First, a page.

Kris Meeke does not believe he will be at a disadvantage as he tackles his first all-tarmac rally for three years in Germany next weekend.

The Briton's sporadic World Rally Championship involvement means that he returns to the Trier-based Rallye Deutschland for the first time since his JWRC days, and has yet to race the Citroen DS3 WRC on a full sealed-surface event. Despite that, he is confident that he will be competitive from the opening stage on 21 August, having collected a podium and a win when the JWRC visited Germany almost ten years ago:

"I haven't competed in an all-tarmac rally for three years," the Northern Irishman confirmed, "but it all comes back to you quickly - it's like riding a bike!"

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Rallye Deutschland provides a unique challenge to the WRC runners, taking them from the vineyards of Trier to the infamous Baumholder military base, where they will tackle two stages - Arena Panzerplatte and the 42.5km Panzerplatte Lang - complete with the car-crunching Hinkelsteins and the famous Gina's jump.

"I know that the DS3 WRC is competitive and that team knows the rally perfectly. I have everything I need to do well, and have some very fond memories of competing there in the C2 Super 1600 and of my experience in the WRC in 2011," Meeke continued, "There are three very different types of road, and the pace is constantly changing. I'll have to get to grips with some things in the DS3 WRC, but I hope I can pick up where I left off in Finland."

With three of the four rallies coming up in the next two months being held on tarmac, Citroen will fall back on the specific parts and set-up that have consistently given the Versailles-based marque an advantage in Germany.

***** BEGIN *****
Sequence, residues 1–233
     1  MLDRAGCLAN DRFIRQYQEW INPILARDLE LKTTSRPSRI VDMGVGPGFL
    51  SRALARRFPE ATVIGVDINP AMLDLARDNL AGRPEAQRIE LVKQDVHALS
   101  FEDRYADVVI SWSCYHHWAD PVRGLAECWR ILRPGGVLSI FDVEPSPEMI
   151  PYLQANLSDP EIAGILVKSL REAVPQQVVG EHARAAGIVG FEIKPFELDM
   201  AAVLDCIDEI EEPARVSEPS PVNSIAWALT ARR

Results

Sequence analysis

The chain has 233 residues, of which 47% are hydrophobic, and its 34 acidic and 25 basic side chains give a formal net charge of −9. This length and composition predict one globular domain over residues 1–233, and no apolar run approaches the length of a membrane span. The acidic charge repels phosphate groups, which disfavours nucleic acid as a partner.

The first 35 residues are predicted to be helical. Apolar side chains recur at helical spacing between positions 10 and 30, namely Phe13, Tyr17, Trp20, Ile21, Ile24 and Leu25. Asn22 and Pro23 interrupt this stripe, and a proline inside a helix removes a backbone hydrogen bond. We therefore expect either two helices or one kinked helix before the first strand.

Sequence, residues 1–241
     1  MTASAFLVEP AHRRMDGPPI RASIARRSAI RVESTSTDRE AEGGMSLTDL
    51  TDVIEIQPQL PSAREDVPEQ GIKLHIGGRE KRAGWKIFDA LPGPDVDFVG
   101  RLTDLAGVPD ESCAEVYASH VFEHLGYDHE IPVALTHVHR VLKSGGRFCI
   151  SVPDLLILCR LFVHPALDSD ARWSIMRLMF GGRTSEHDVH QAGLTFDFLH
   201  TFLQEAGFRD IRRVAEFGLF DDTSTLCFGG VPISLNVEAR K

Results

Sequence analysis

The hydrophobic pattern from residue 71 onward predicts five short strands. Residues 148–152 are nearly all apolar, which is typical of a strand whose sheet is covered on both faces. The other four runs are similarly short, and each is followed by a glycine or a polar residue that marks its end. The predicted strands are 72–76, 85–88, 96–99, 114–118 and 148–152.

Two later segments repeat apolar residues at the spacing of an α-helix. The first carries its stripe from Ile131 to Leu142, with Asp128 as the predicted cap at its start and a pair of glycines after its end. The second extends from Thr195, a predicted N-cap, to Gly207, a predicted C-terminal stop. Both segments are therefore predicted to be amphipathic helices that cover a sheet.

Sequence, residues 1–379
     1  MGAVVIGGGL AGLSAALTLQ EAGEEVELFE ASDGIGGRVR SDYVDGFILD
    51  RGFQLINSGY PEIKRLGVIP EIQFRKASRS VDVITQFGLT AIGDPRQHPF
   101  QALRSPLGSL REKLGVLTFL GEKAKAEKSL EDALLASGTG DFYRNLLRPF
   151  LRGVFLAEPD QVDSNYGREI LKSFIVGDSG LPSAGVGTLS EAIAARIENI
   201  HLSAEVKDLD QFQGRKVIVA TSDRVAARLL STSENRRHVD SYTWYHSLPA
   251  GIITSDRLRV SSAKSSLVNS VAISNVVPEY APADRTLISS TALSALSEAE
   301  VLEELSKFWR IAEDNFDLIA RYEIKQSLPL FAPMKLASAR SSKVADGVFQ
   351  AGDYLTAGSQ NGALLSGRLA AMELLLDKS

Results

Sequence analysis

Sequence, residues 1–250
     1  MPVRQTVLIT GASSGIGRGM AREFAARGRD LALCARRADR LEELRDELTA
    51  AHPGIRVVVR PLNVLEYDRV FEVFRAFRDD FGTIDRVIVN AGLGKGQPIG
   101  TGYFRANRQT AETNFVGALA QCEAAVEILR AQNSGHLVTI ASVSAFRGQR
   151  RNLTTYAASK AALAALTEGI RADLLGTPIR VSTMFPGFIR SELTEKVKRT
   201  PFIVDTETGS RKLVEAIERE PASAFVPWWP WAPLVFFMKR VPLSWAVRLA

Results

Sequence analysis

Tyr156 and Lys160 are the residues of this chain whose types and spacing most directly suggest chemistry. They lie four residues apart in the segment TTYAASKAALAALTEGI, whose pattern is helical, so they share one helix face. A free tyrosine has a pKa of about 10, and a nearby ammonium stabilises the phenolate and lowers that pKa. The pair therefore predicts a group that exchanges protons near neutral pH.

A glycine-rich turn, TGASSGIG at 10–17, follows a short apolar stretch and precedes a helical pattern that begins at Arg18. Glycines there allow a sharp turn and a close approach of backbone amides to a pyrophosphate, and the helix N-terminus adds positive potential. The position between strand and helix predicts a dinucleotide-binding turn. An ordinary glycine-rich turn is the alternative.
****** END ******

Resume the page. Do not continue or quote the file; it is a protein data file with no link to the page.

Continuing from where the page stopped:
"For everyone - the technicians, the engineers and the crews - it's an important point of the season," emphasised team principal Yves Matton, "We need to get to grips with conditions that we haven't experienced since the Rallye de France in October 2013, and testing will be just as important for the drivers as the rest of the team.

"You need to re-hone some of your reflexes again to prepare for this first round of the season on tarmac, and Rallye Deutschland is especially important for Citro?n in that we are on a run of eleven consecutive wins."

The DS3 WRCs are not very different to those driven recently in Sardinia, Poland and Finland.

"They are the same cars," chief operations engineer Didier Cl?ment confirmed, "Given that we are limited to six chassis per season for both crews, there is no specific body shell for the tarmac rounds. The only differences concern the level of the struts, the shock absorbers, the brakes, the wishbones and the tie-rods. The car has to be easy to drive so the drivers feel confident to push on the quick stages through the vineyards."